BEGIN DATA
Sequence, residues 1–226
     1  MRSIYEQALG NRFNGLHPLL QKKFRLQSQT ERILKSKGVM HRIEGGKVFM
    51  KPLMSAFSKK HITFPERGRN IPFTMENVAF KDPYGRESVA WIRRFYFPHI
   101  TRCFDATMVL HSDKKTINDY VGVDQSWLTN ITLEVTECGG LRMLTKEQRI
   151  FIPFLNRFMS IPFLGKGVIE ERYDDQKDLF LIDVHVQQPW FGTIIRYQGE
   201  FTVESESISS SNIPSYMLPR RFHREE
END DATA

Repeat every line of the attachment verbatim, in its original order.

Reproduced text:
Sequence, residues 1–226
     1  MRSIYEQALG NRFNGLHPLL QKKFRLQSQT ERILKSKGVM HRIEGGKVFM
    51  KPLMSAFSKK HITFPERGRN IPFTMENVAF KDPYGRESVA WIRRFYFPHI
   101  TRCFDATMVL HSDKKTINDY VGVDQSWLTN ITLEVTECGG LRMLTKEQRI
   151  FIPFLNRFMS IPFLGKGVIE ERYDDQKDLF LIDVHVQQPW FGTIIRYQGE
   201  FTVESESISS SNIPSYMLPR RFHREE